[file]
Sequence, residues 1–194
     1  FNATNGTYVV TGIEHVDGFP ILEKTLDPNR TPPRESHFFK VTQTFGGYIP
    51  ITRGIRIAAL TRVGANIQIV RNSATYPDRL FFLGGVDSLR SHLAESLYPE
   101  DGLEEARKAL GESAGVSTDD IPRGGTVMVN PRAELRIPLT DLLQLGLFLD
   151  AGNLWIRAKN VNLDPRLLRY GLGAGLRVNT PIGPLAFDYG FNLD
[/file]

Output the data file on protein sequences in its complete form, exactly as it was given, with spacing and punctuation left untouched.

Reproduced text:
Sequence, residues 1–194
     1  FNATNGTYVV TGIEHVDGFP ILEKTLDPNR TPPRESHFFK VTQTFGGYIP
    51  ITRGIRIAAL TRVGANIQIV RNSATYPDRL FFLGGVDSLR SHLAESLYPE
   101  DGLEEARKAL GESAGVSTDD IPRGGTVMVN PRAELRIPLT DLLQLGLFLD
   151  AGNLWIRAKN VNLDPRLLRY GLGAGLRVNT PIGPLAFDYG FNLD